Sesame Seeds – Interesting Facts

Sesame seeds have either a white, light brown or red shell. Black sesame is also popular and is said to be the original form of sesame. The untoasted, dried, whole seeds are most readily available, but sesame seeds can also be found in the form of a ground sesame puree known as tahini, which is an ingredient in hummus, a delicious Middle Eastern chickpea puree.

Due to the valuable fats in sesame, its seeds are often turned into oil. Particularly in Arabic and Asian cooking, the dark sesame oil of the roasted seeds is a staple ingredient used to season salads and stir-fry recipes. The light, untoasted sesame oil is better known throughout Europe. Gomashio is a Japanese specialty made from light sesame seeds and sea salt, which is a good accompaniment to fresh bread, salads and other savoury dishes. 

Food Facts Food Facts

Sesame Seeds

Class

sesamum

Calories

690 kcal per 100 g

Nutrients

11.7g carbohydrate, 11.7g fibre, 49.8g fat, 17.7g protein per 100g

Season

available year-round

Storage

store cool and dark in an air-tight container

Shelf life

approx. 4 months

Sesame Seeds – Origin and Nutrients

The sesame plant is one of the oldest cultivated oil plants, supposedly having been cultivated in both Ancient Egypt and Ancient Greece. In China cultivation began more than 2,000 years ago. This makes it difficult to determine whether the sesame plant originated in Africa or Asia. The sesame plant, which bears similarities to the European foxglove, grows best in tropical and sub-tropical climates and is now mainly cultivated in China and India.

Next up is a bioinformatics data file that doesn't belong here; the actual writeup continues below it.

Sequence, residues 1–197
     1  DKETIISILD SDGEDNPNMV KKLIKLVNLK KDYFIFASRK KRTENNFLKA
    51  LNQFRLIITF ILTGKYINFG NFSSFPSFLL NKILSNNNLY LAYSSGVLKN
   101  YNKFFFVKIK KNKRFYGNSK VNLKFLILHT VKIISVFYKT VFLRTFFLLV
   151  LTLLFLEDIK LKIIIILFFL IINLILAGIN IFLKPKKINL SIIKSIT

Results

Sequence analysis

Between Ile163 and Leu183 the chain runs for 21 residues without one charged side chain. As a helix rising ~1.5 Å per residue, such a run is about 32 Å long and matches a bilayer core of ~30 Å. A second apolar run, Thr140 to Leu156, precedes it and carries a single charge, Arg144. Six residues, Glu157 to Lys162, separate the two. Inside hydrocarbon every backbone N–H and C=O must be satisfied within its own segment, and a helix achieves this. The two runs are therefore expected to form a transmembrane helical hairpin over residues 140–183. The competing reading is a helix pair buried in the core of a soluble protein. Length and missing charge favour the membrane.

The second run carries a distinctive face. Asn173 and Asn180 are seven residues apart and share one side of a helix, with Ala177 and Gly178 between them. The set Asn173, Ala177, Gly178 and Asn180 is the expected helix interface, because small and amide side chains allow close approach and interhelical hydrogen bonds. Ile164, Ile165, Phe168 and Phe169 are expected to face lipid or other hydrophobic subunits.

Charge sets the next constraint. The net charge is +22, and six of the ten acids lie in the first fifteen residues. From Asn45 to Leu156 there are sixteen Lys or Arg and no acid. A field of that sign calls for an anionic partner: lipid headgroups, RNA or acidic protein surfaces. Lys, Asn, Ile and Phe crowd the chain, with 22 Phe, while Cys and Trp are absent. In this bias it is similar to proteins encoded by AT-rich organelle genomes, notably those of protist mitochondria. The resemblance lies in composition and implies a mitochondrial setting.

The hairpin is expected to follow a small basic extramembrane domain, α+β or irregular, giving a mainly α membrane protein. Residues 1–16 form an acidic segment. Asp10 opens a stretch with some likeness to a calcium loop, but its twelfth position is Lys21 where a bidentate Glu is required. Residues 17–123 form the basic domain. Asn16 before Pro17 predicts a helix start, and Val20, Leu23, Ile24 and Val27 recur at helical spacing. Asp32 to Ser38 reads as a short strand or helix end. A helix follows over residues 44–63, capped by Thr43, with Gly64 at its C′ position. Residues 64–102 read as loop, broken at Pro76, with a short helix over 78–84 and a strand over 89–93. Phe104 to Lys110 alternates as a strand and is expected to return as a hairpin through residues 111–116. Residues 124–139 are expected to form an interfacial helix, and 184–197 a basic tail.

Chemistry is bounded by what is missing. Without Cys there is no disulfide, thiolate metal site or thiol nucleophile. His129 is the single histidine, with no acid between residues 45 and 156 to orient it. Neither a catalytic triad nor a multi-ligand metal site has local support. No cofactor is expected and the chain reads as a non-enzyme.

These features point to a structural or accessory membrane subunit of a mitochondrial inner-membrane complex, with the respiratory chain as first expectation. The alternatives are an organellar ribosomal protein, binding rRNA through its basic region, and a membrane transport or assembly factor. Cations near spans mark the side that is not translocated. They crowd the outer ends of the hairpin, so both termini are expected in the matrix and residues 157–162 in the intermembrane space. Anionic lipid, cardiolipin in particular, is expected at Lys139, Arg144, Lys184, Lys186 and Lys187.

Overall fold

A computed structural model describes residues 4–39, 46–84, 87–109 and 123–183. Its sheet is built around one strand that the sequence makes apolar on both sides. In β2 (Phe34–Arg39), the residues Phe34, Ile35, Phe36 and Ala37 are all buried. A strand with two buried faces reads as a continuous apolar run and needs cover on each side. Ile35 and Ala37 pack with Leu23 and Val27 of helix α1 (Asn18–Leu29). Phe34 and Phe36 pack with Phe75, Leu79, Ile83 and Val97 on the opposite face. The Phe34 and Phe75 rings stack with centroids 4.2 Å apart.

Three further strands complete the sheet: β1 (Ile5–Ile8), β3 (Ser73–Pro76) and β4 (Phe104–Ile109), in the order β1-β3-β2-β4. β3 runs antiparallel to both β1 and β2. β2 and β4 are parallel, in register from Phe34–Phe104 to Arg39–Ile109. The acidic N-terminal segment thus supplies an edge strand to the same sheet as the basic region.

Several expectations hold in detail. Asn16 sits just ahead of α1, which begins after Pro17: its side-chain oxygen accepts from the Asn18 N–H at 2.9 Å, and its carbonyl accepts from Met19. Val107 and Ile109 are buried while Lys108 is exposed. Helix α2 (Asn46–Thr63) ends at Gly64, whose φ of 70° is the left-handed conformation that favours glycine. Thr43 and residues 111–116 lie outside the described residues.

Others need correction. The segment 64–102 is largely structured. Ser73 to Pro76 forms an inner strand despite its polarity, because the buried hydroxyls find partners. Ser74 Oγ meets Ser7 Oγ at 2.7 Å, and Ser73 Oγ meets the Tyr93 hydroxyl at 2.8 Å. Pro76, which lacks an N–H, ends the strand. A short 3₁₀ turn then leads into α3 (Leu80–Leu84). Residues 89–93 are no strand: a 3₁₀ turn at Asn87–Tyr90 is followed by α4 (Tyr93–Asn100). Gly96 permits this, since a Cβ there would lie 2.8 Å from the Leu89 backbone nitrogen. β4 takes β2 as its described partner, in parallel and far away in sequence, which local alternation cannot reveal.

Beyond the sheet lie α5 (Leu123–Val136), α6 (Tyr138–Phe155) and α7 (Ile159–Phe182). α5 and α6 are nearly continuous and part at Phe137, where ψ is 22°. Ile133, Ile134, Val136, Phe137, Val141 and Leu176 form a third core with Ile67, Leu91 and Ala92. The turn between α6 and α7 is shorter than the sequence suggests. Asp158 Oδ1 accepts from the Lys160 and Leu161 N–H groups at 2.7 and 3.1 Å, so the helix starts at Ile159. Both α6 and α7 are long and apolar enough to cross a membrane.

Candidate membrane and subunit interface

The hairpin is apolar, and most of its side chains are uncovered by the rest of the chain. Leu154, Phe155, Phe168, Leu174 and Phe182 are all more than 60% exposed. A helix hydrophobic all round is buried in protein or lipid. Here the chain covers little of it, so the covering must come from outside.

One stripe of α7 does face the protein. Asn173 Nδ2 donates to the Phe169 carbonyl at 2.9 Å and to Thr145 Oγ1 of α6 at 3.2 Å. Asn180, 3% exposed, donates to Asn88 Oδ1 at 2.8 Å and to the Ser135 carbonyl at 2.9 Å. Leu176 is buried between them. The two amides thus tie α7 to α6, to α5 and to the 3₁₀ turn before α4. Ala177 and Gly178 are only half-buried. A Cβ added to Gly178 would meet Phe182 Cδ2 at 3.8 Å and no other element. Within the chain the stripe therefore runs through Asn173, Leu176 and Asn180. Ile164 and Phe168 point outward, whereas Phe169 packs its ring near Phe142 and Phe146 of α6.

Due to their high fat content, unprocessed sesame seeds spoil quickly and only keep for a few months. Rich in unsaturated fatty acids, folic acid, zinc, magnesium and iron, sesame seeds should be a daily component of your diet as they are very healthy. To intensify their sweet and nutty flavour briefly toast sesame seeds in a pan without oil.

Sesame Seeds – Uses

Sesame seeds can be used as a salad, soup or a pastry topping. Bagels and bread rolls are often sprinkled with white sesame, and in Turkey many biscuits and sweets achieve their distinctive flavour through sesame seeds. A well-known popular choice is halva, which is originally from India and Central Asia and has many variations, but is always based on a mixture of ground sesame seeds, sugar, honey and plant oil.

Sesame proves itself to be even more versatile when it comes to savoury dishes. Try marinating feta cheese in a mixture of toasted fennel and sesame seeds, lemon juice and zest, and then season with salt and pepper. Skewered with some fresh cucumber, the cheese makes for a delicious snack. Particularly in the Asian cuisine sesame seeds are often combined with fish - whether as a subtle addition to tuna canapés, mixed together with the rice in salmon sushi, or crushed into the sauce of a soba noodle dish with fried cod.

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